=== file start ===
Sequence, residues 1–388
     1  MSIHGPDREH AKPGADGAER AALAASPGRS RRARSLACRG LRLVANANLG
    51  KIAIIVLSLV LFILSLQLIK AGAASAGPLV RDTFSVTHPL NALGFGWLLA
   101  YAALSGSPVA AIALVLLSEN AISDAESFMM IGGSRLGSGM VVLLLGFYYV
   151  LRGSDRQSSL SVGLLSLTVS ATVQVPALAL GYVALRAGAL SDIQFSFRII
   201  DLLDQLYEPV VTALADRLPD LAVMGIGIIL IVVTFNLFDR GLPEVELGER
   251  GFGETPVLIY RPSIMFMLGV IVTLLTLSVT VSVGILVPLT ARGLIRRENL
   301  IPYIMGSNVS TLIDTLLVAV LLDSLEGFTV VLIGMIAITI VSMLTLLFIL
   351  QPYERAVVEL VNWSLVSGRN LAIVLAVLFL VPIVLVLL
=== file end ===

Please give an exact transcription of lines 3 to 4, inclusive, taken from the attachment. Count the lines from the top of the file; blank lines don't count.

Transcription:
    51  KIAIIVLSLV LFILSLQLIK AGAASAGPLV RDTFSVTHPL NALGFGWLLA
   101  YAALSGSPVA AIALVLLSEN AISDAESFMM IGGSRLGSGM VVLLLGFYYV